Australia's central bank sees steep contraction of economy - GulfToday

Australia's central bank sees steep contraction of economy


A seen parked in front of the office of Reserve Bank of Australia in Caneberra. File

Australia's central bank on Tuesday forecast the economy would suffer its largest ever contraction in the first half of the year, sending the unemployment rate into double-digits, but held out the hope of a recovery as the coronavirus was contained.

The Reserve Bank of Australia (RBA) ended its monthly policy meeting by holding interest rates at a record low of 0.25%, as expected, and recommiting to buy as much government debt as needed to keep three-year bond yields down near 0.25%.

Its grim economic predictions come as data suggested the country had already lost almost a million jobs since mid-March and the government warned lockdowns for the pandemic were costing the economy A$4 billion ($2.58 billion) a week.

In its policy deliberations, the RBA considered a range of scenarios but the baseline case was for economic output to shrink by 10% in the first half and 6% for all of 2020. That would be followed by a bounce of around 6% next year.

The unemployment rate would double to around 10% in coming months and would still be above 7% at the end of next year.

"A stronger economic recovery is possible if there is further substantial progress in containing the coronavirus in the near term and there is a faster return to normal economic activity," said RBA Governor Philip Lowe said in a statement.

If the lifting of restrictions was delayed or needed to be reimposed, the outcomes could be more challenging, he added.

The bank will lay out its full forecasts on Friday.

Analysts expect interest rates to stay super-low for a long time to come with a Reuters poll finding no expectation of a change until the end of 2021.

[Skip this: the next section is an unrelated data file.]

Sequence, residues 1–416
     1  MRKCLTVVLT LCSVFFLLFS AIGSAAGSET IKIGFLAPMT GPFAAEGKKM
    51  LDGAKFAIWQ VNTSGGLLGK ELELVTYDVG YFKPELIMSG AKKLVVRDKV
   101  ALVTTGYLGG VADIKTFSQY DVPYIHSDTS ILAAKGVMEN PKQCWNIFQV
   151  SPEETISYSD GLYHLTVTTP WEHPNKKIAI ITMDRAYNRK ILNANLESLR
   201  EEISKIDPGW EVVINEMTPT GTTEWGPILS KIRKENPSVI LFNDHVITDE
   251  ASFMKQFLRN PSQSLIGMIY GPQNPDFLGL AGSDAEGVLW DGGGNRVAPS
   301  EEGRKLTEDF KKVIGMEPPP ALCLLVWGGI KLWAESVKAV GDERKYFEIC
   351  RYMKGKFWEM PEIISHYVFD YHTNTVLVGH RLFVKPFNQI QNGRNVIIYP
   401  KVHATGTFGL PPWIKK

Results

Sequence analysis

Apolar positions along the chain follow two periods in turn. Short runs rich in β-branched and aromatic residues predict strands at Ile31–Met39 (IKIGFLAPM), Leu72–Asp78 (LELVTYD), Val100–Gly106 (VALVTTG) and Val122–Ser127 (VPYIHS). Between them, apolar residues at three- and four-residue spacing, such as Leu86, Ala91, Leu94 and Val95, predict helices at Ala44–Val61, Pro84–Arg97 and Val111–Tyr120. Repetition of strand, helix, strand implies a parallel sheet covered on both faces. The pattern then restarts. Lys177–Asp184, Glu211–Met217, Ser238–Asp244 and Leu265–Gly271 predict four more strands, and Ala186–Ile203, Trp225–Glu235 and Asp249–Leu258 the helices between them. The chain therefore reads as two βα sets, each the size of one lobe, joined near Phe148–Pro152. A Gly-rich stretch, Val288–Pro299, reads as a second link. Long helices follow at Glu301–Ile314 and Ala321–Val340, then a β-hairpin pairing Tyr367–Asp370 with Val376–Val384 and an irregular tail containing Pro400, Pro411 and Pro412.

The central bank cut rates at an emergency meeting in mid-March as part of a massive stimulus package aimed at lessening the economic toll of the pandemic.


The conservative government of Prime Minister Scott Morrison ditched years of free market ideology with more than A$200 billion in extra spending, including a JobKeeper subsidy intended to limit mass layoffs.

Treasurer Josh Frydenberg on Tuesday used a keynote speech to argue the economy needed to re-start as quickly as possible, presaging a likely relaxation of social distancing rules at a National Cabinet meeting on Friday.

The costs have been clear with the Australian Bureau of Statistics (ABS) estimating 7.5% of all jobs were lost in the weeks from mid-March to mid-April, equal to around 975,000 positions.

Accommodation and food services alone shed a third of their jobs, with arts and recreation services losing another 27%.

Total wages paid by businesses also fell 8.2% in the period to mid-April, pointing to a painful decline in household incomes and spending power.

Demand for big ticket items was especially hard hit with sales of motor vehicles almost halving in April, the largest fall since the industry data began in 1991.

Yet there have been hints of stabilisation as success in curbing the virus allowed an easing in social restrictions.

A survey of 1,000 consumers from ANZ out on Tuesday showed its measure of confidence rose 5.3% last week, the fifth straight week of gains.

Figures from CBA on credit and debit card spending also showed some signs of life.

"Our analysis offers a glimmer of hope that we may be past the lowest point in terms of people spending less," said CBA's head of Australian economics, Gareth Aird.


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